Gather a group of women in their thirties, mention Anne of Green Gables, and watch what happens: their faces will soften, their eyes focusing on some long ago literary moment, when they read, discovered, and came to love little Anne Shirley of Green Gables.
This moment has always been a bit uncomfortable for me because until last month, I had never read Anne of Green Gables. Introduce that fact to the same group of women, and watch those wistful looks of nostalgia turn to confusion and shock.
For many of my friends, Anne Shirley was the heroine of their youth. It’s not as if I was rudderless. I had my own heroine. Whenever someone mentions A Tree Grows in Brooklyn, my face softens in a similar fashion. My heart swells with love for Francie Nolan, for her strong mother, and her flawed father. For Neeley, her brother, who was so close in age to Francie, the way my brother was to me. Francie was the heroine of my youth, the girl I grew up with, as I read that book every year. It has lost nothing in the passage of time. I love her still.
But this post isn’t about Francie Nolan.
I always post pictures of the books I’m reading on Instagram, and when I posted my picture of Anne, I got so many comments! People love Anne Shirley. My friend Monique said she was jealous – “you have 8 great books ahead of you!”
And privately I thought, oh goodness, I’m not going to read all eight books.
And then I read Anne. And now, I have to read all eight books. I can’t leave now. I have to find out how it all turns out.
But it struck me, as I read, that I was probably coming to this book differently than my friends, those women in their thirties who first found Anne Shirley when they were around her age. I’m thirty; though I loved Anne Shirley, I also tended to see Marilla’s side of things. In the moments when she wanted to laugh at Anne, I did, too. Would I have felt that way if I had found Anne when I was a child? Probably not. Marilla would have seemed strict, boring, not-fun.
Samantha Ellis wrote a fantastic book called How to Be a Heroine, in which she revisits all the heroines of her youth, including Anne Shirley. She does a wonderful job of capturing how these heroines shape us, how they raise us, in a sense. They introduce romance, anger, frustration, unfairness, wonder, and whimsy to us. But I don’t latch onto heroines as an adult the way I did when I was younger. I fear I’m not likely to find another Francie Nolan. If I had my panel of women in their thirties seated in my living room, I would ask them: have you found your adult version of Anne Shirley?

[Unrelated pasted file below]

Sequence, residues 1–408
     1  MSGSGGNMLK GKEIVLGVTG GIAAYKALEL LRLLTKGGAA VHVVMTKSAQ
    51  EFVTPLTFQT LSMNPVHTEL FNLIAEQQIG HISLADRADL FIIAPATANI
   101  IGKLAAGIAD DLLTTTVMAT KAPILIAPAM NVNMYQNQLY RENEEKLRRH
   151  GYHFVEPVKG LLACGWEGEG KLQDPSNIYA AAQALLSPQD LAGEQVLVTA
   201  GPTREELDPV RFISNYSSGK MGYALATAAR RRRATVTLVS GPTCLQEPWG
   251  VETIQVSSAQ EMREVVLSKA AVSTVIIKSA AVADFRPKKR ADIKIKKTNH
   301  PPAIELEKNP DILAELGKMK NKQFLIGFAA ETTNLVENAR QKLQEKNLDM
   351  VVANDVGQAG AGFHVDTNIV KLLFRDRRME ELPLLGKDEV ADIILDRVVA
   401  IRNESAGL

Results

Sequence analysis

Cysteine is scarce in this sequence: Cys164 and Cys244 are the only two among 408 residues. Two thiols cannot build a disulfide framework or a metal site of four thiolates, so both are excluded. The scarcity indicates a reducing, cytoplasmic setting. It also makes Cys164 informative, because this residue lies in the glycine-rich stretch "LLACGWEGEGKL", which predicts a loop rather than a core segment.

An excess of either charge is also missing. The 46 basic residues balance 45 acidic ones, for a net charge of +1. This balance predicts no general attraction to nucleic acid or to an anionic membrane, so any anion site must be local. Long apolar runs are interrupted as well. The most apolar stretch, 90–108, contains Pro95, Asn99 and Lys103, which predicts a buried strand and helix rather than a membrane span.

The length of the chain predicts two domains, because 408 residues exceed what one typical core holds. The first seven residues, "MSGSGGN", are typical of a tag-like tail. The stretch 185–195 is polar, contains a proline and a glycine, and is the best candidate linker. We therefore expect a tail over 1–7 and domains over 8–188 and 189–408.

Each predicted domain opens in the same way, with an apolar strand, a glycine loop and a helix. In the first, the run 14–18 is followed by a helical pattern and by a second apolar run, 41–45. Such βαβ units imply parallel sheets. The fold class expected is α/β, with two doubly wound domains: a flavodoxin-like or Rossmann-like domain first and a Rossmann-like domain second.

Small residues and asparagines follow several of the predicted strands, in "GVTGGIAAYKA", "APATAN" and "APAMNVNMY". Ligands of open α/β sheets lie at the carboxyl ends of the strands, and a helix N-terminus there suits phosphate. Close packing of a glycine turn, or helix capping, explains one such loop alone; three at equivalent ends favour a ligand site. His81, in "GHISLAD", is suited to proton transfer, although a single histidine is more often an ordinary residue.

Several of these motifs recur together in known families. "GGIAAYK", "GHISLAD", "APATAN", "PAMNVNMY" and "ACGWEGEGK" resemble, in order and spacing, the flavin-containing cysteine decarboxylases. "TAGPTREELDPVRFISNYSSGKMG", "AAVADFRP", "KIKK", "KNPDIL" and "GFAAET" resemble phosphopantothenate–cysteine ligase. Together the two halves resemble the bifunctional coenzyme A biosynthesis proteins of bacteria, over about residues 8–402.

Y’all know how I love the movie You’ve Got Mail, right? As I pondered over this Anne Shirley-adult heroine situation, I thought of Kathleen Kelly’s line about reading: “When you read a book as a child, it becomes a part of your identity in a way that no other reading in your whole life does.” It’s a singular, special moment in our reading lives. That’s what’s so interesting about Ellis’s book – when we go back to look at the heroines of our youth, how do they hold up? What do we find when we approach them not as children or teenagers, but rather as adults with experience and scars and grown-up ideas?
I read Anne so that I could then read Ana of California by Andi Teran, a take on the plot of Anne of Green Gables. In place of innocent orphan Anne, we get Ana Cortez, an orphan whose life has been touched by gang violence in east L.A. She goes to a farm as a foster child, works hard to learn the land, but being an outsider, trouble follows her, and her future seems as tumultuous as ever.
Ana isn’t the darling that Francie is for me (or Anne is for others). I’m an adult now. I don’t expect that sort of thing. But I don’t think she’s supposed to be that darling either. Ana of California is a wonderful adaptation of the story (not to mention an all-around great book, on its own), a great way to see how the same plot might work in a contemporary setting. And what resonated for me was the recognizable grit of Ana of California. She’s still a polite young woman, an orphan who has been dealt a terrible hand in life but manages to keep kindness in her heart. I appreciated that. But I also appreciated that the conflicts had been updated. It makes me think that Andi Teran wasn’t trying to give us a carbon copy of Anne, but rather giving us a heroine we could respond to as adults: Ana, sweet and flawed and damaged and still, somehow, resilient. Because that’s a big thing we learned from our heroines, right? Resilience. And maybe, as an adult reader, that’s what I can look for: not a heroine to raise me, but a messenger with a story to tell me.